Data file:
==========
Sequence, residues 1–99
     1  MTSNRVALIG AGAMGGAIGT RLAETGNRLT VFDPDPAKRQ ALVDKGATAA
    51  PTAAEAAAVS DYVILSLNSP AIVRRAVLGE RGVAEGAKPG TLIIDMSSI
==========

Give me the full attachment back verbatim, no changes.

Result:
Sequence, residues 1–99
     1  MTSNRVALIG AGAMGGAIGT RLAETGNRLT VFDPDPAKRQ ALVDKGATAA
    51  PTAAEAAAVS DYVILSLNSP AIVRRAVLGE RGVAEGAKPG TLIIDMSSI